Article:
Lawrence Public Schools with highest number of critical violations since 2010
• Lawrence High: 10
• Quail Run School: 7
• Kennedy School: 5
• Prairie Park School: 5
• Schwegler School: 5
— Information provided by the Kansas Department of Agriculture
It’s the stuff of school cafeteria folklore and rumor: Creatures and critters scurrying about in the kitchen, looking to spoil a student’s lunch.
But sometimes, it’s true.
Two Lawrence schools were recently cited by the Kansas Department of Agriculture for poor pest control, after roaches and mouse droppings were discovered during routine inspections.
On Sept. 10, inspectors found “10-15 mouse droppings on a small cart in the mop room” at Sunflower School, 2521 Inverness Drive, according to an online inspection report. During a Sept. 11 inspection at Lawrence High School, 1901 La., inspectors found roaches, including “seven very active adults, juvenile, and one baby roach found in the seal on the walk-in freezer door in the basement.”
Lawrence High also racked up four other “critical violations,” which are those that could lead to food-borne illness.
School officials say they’re working to address the problem.
“Any violations cited as a result of inspections will be corrected,” said Rick Doll, Lawrence Public Schools superintendent. “We can and will do better.”
A news release sent to the Journal-World details steps the schools are taking, which include “thorough cleaning of kitchen spaces, revised methods of cleaning to reach underneath and between large kitchen equipment, improvements to kitchen facilities, and a review of the district’s contract for professional extermination services.”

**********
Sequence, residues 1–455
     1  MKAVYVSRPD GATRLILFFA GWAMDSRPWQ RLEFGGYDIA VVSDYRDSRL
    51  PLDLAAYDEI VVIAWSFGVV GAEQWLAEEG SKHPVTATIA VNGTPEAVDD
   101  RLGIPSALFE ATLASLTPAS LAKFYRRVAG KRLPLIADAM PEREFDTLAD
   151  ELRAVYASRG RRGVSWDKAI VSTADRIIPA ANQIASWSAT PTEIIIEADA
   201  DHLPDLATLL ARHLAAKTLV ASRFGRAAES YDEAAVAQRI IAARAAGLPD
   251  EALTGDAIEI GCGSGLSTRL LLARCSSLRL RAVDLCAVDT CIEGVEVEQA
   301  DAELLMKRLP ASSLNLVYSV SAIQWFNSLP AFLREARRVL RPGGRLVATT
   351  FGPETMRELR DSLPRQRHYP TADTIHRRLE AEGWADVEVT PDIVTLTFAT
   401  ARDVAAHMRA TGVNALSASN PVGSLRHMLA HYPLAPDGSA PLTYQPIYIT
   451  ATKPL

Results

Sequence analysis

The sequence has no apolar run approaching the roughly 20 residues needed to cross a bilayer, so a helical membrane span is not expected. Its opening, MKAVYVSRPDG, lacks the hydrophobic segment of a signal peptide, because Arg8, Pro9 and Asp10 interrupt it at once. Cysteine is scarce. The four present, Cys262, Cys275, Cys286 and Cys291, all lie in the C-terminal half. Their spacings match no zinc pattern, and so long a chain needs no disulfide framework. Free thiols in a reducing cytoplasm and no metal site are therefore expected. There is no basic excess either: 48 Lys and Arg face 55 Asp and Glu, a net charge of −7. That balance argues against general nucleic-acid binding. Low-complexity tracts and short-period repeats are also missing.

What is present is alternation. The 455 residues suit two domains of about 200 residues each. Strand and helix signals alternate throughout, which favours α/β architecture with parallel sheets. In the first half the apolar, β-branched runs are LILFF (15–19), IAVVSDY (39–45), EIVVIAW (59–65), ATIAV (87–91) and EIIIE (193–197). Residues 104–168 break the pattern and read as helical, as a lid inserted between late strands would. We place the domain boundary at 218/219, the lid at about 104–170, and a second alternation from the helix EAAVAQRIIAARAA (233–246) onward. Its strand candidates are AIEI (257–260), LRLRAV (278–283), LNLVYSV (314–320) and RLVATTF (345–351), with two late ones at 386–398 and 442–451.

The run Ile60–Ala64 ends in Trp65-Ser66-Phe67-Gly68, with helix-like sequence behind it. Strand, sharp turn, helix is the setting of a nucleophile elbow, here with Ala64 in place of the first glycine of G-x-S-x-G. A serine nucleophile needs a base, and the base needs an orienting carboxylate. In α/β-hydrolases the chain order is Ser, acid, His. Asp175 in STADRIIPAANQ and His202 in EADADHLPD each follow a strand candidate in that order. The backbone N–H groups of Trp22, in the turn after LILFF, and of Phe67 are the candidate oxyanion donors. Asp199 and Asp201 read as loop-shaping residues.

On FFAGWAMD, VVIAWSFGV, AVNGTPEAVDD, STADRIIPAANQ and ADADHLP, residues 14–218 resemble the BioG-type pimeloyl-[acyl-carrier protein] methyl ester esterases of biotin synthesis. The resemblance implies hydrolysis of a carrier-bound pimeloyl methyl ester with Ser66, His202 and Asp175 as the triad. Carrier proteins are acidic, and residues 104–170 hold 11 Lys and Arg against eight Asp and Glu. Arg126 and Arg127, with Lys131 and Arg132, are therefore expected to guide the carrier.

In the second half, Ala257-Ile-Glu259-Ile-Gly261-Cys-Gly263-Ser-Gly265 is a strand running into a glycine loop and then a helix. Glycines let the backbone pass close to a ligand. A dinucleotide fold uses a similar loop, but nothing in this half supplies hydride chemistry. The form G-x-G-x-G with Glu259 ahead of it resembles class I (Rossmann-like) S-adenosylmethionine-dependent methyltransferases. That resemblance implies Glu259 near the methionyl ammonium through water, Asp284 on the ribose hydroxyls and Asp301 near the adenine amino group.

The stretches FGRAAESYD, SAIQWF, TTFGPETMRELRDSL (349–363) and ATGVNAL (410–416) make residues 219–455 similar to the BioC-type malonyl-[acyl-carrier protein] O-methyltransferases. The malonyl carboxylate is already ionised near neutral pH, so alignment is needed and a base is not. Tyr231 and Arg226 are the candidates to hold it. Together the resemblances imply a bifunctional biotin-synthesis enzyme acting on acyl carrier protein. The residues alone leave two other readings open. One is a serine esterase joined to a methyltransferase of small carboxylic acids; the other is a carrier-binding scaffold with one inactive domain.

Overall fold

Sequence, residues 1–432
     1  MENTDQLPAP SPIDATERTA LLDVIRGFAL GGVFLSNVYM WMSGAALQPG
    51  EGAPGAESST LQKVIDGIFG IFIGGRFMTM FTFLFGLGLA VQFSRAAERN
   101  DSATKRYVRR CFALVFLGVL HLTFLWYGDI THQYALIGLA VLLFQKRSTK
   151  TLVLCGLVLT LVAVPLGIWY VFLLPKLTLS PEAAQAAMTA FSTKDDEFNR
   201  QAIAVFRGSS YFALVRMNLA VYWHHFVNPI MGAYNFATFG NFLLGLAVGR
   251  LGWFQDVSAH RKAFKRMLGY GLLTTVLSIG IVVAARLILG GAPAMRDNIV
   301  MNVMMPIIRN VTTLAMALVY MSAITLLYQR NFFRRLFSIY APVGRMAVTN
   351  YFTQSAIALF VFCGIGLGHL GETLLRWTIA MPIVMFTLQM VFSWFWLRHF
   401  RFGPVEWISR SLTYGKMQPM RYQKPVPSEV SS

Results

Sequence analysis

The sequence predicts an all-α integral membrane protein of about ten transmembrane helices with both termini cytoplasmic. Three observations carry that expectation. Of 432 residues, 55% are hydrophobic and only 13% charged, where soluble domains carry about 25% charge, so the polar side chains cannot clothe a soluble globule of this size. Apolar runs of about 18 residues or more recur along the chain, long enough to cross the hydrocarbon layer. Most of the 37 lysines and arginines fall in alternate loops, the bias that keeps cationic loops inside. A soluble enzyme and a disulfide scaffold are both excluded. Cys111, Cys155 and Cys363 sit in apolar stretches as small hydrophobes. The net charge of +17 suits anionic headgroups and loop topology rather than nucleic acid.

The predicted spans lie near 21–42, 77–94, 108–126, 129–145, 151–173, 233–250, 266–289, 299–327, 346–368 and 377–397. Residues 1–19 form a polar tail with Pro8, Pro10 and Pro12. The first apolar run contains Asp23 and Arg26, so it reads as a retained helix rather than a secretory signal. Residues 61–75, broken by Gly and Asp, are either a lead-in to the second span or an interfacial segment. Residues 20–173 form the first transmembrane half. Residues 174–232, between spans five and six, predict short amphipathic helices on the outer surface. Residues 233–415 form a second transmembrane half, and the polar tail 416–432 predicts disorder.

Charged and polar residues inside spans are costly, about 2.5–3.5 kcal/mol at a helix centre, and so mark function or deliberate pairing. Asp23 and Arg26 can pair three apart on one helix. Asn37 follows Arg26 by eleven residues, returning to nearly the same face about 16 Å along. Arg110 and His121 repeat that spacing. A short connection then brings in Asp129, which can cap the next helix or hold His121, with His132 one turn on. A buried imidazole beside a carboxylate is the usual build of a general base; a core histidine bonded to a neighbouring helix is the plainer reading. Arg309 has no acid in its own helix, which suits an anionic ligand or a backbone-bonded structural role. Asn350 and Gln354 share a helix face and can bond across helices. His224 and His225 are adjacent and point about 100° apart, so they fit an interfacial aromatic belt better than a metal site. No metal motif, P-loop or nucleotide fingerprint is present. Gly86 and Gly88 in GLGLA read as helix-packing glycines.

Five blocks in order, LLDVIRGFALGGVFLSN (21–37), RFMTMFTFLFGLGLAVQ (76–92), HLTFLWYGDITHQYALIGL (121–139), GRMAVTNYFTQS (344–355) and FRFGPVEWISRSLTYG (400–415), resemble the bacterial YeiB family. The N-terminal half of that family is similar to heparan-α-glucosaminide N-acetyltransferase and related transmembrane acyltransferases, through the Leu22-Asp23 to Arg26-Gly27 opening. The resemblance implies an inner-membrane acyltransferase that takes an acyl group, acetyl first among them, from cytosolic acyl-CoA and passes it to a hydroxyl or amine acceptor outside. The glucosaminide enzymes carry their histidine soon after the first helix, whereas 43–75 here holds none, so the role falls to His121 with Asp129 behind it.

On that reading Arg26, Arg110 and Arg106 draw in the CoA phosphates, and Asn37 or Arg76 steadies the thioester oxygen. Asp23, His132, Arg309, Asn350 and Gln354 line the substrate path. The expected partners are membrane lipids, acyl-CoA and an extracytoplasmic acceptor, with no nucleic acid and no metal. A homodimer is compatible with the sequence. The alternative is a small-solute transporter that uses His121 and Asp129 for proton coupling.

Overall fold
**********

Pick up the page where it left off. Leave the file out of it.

Both schools received a noncompliance notice during the inspections, which is a preliminary step in the inspection process that does not initially carry fines or call for immediate closure. Since 2010, only one other Lawrence public school, West Middle School, 2700 Harvard Road, in 2010, has received such a notice.
The 21 public schools have recorded 59 critical violations since 2010, and Lawrence High has recorded the highest with 10 during that time period.
“Overall, our school nutrition programs receive excellent health inspections on a regular basis,” said Paula Murrish, the district’s division director of food services. “Despite our best efforts, mistakes are made and violations occur.”
Restaurants are inspected at least once per year, and school cafeterias twice annually, but inspectors make return visits to those with numerous critical violations and noncompliance notices.
Critical violations are not unusual in restaurants across the state. For instance, in 2012 so far, 305 Lawrence restaurants and school cafeterias have been inspected, resulting in 799 such violations.
To see a full listing of all Lawrence inspections in 2012, visit ljworld.com/restaurantinspections/